Yea on Prop A! OHNay on Prop B!

Here's what to know about the differences between Prop A and Prop B this election.

As Austin voters head to the polls this Saturday, the opportunity for confusion on the two propositions on the ballot is highly possible. (There are even some who say confusion is the exact motive of the backers of Prop B.) We’ve read the details about both propositions so you don’t have to.

vote yes on prop a and no prop b

Proposition A offers an opportunity for Austin to enter a new era of civilian oversight of the Austin Police Department. The proposition is seen as a way to prevent long-standing scandals within the APD from going unnoticed due to a lack of proper oversight. The incidents of police brutality witnessed during the 2020 Black Lives Matter protests, along with other instances of state violence, have underscored the need for more robust police accountability. While Prop A may not create the system on its own, its passage would be a significant stride towards strengthening police oversight in Austin, and perhaps any American city, in decades.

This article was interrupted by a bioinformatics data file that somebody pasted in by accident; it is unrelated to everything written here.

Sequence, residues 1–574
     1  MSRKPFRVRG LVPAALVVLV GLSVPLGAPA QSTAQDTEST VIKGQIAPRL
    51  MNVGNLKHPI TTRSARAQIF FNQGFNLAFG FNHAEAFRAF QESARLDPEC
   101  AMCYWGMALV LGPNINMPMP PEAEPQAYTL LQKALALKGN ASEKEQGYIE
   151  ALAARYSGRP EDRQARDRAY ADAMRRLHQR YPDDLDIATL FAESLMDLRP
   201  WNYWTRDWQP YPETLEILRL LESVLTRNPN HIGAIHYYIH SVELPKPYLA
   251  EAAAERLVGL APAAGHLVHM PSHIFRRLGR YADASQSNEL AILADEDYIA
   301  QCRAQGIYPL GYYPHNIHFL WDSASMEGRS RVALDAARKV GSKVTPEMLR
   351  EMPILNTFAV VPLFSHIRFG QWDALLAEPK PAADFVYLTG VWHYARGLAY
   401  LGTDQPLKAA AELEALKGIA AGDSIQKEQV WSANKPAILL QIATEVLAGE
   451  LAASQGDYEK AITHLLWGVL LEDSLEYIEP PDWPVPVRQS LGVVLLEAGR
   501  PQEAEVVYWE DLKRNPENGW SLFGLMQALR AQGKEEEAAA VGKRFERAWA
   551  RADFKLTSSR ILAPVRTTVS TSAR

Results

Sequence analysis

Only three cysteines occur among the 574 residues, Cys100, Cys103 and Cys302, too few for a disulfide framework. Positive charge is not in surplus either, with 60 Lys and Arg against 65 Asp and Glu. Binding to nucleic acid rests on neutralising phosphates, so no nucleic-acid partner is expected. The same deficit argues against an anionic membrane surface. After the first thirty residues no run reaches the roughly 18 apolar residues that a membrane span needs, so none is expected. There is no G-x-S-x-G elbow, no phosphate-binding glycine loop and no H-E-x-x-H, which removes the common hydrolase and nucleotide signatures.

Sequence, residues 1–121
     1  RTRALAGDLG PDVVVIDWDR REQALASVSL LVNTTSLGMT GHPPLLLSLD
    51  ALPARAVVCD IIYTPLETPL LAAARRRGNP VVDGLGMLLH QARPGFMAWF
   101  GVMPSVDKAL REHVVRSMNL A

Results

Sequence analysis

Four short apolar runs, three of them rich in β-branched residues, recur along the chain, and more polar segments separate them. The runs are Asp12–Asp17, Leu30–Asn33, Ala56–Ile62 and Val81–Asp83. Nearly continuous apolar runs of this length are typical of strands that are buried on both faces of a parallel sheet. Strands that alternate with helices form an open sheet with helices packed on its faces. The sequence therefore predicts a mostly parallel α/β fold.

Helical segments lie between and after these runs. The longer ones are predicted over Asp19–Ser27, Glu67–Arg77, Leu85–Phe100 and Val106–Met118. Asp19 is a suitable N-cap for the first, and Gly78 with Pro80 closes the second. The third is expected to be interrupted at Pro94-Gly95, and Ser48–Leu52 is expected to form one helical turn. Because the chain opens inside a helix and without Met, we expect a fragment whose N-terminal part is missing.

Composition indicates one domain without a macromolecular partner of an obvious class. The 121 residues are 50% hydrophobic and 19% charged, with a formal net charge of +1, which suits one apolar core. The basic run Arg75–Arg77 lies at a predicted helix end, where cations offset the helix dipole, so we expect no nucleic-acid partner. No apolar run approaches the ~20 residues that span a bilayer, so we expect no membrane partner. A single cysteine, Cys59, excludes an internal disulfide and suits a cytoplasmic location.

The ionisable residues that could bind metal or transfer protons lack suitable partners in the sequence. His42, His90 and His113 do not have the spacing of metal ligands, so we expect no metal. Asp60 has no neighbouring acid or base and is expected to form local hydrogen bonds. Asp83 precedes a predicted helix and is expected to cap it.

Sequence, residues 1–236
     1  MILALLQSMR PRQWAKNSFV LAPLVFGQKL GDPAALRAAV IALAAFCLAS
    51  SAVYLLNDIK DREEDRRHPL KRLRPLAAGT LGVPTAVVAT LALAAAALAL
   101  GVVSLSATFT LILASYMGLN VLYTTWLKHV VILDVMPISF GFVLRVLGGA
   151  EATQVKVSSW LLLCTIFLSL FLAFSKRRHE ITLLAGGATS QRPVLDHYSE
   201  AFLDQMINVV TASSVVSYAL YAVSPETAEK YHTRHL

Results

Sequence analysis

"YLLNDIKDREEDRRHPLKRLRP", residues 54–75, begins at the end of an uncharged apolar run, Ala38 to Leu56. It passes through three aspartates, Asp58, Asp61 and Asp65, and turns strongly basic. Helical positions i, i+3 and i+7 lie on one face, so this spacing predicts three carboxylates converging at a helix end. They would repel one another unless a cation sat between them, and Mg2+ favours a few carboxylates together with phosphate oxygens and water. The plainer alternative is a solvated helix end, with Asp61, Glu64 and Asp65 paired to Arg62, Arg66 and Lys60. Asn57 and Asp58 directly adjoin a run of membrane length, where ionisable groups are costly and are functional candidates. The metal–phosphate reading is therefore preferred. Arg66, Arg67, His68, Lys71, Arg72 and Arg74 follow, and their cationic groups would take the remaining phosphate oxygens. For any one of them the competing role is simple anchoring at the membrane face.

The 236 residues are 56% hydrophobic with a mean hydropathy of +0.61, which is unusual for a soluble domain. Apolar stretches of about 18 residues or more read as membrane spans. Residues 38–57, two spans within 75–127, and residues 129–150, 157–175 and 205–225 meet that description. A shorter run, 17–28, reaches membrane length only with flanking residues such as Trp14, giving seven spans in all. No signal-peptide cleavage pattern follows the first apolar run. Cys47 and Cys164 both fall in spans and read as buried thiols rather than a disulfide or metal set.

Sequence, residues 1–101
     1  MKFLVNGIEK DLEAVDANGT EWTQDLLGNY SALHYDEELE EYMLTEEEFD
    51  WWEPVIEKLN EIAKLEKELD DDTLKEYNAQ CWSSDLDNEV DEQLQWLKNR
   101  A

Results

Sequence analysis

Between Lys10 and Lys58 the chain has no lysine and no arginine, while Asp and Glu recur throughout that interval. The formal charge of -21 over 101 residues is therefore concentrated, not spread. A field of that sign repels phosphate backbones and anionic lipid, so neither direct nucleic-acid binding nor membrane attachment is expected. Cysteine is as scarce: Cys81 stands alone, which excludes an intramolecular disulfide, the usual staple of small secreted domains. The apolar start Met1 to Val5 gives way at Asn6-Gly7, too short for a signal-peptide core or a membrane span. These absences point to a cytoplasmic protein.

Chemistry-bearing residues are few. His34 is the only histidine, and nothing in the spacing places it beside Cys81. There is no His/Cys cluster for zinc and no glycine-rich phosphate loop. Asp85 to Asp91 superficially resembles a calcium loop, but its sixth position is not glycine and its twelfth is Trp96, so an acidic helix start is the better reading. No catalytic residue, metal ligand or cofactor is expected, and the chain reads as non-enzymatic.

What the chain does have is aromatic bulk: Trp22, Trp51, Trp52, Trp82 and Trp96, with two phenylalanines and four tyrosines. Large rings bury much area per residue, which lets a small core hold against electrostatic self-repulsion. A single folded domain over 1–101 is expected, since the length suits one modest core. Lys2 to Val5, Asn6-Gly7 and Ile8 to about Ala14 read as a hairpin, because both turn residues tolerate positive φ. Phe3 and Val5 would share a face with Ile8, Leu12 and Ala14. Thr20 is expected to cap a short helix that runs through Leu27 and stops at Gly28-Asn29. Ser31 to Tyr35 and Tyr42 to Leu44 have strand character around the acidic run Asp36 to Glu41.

Proposition B on the surface, lacks the merits of Prop A and does not offer a better system of oversight. However, what makes Prop B unacceptable is the underhanded tactics deployed by the Austin Police Association (APA) to get it on the ballot. The deceptive campaign strategy deployed by APA to promote Prop B raises questions about the true intentions of the police union. If the APA genuinely believed that Prop B provided a better system of oversight, they would have campaigned for it openly and honestly. But they did not, suggesting that the police union is more concerned about installing a system of oversight that aligns with their interests rather than the interests of the Austin community.

So not only do Austin voters need to Yes on Prop A, it is also important for voters to also reject Prop B.


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